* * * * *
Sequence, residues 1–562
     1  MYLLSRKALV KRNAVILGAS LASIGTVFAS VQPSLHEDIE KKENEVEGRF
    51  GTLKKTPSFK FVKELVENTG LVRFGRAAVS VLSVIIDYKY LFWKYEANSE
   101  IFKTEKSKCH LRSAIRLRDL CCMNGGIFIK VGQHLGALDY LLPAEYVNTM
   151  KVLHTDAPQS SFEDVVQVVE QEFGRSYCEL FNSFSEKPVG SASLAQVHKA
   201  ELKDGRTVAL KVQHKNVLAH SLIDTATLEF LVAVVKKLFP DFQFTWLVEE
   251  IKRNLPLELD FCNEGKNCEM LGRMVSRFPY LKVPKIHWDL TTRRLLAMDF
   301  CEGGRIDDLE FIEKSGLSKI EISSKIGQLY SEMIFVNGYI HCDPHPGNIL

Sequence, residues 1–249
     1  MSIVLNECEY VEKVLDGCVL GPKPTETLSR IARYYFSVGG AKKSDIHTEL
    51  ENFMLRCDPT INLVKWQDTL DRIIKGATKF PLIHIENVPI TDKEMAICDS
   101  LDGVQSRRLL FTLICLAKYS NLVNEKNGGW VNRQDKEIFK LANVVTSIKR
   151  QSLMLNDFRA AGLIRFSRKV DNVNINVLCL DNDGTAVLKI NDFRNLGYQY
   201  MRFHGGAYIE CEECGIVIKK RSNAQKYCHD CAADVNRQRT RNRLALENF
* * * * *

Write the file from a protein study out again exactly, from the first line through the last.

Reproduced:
Sequence, residues 1–562
     1  MYLLSRKALV KRNAVILGAS LASIGTVFAS VQPSLHEDIE KKENEVEGRF
    51  GTLKKTPSFK FVKELVENTG LVRFGRAAVS VLSVIIDYKY LFWKYEANSE
   101  IFKTEKSKCH LRSAIRLRDL CCMNGGIFIK VGQHLGALDY LLPAEYVNTM
   151  KVLHTDAPQS SFEDVVQVVE QEFGRSYCEL FNSFSEKPVG SASLAQVHKA
   201  ELKDGRTVAL KVQHKNVLAH SLIDTATLEF LVAVVKKLFP DFQFTWLVEE
   251  IKRNLPLELD FCNEGKNCEM LGRMVSRFPY LKVPKIHWDL TTRRLLAMDF
   301  CEGGRIDDLE FIEKSGLSKI EISSKIGQLY SEMIFVNGYI HCDPHPGNIL

Sequence, residues 1–249
     1  MSIVLNECEY VEKVLDGCVL GPKPTETLSR IARYYFSVGG AKKSDIHTEL
    51  ENFMLRCDPT INLVKWQDTL DRIIKGATKF PLIHIENVPI TDKEMAICDS
   101  LDGVQSRRLL FTLICLAKYS NLVNEKNGGW VNRQDKEIFK LANVVTSIKR
   151  QSLMLNDFRA AGLIRFSRKV DNVNINVLCL DNDGTAVLKI NDFRNLGYQY
   201  MRFHGGAYIE CEECGIVIKK RSNAQKYCHD CAADVNRQRT RNRLALENF